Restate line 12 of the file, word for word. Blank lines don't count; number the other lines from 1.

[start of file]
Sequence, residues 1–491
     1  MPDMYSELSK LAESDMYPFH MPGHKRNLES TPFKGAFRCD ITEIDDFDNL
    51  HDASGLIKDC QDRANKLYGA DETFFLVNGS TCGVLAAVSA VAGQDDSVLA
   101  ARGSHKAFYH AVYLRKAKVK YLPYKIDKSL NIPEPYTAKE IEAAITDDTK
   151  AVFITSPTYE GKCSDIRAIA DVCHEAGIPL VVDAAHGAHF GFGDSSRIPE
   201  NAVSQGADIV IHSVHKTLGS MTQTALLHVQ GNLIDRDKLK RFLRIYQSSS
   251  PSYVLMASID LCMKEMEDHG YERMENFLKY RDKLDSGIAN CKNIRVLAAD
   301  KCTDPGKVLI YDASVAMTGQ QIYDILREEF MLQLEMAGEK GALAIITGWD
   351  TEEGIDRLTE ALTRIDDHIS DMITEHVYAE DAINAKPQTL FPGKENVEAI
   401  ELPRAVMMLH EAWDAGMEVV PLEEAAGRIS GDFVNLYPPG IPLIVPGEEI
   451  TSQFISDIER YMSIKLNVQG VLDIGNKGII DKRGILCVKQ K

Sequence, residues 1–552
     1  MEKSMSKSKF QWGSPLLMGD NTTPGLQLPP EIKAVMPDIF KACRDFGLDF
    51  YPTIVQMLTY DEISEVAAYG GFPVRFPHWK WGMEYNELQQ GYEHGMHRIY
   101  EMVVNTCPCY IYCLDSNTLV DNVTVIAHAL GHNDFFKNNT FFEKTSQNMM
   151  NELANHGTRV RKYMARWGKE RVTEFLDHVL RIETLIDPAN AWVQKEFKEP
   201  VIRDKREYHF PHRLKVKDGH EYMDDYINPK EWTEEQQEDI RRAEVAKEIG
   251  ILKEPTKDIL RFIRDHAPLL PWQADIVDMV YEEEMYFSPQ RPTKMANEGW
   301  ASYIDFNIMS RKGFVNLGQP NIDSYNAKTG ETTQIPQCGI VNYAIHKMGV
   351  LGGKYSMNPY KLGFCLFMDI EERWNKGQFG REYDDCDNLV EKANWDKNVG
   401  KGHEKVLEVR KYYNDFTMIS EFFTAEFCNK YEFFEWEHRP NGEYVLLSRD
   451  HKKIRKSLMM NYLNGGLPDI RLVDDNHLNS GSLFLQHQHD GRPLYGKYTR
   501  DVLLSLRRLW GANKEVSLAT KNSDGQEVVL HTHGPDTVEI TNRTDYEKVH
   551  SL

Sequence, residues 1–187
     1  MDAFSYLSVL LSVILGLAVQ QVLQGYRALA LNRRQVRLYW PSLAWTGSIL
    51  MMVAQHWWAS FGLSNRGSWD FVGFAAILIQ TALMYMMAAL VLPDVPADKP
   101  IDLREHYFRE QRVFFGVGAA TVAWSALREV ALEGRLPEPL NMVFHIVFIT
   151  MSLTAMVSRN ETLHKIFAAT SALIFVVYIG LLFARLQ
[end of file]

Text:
Sequence, residues 1–552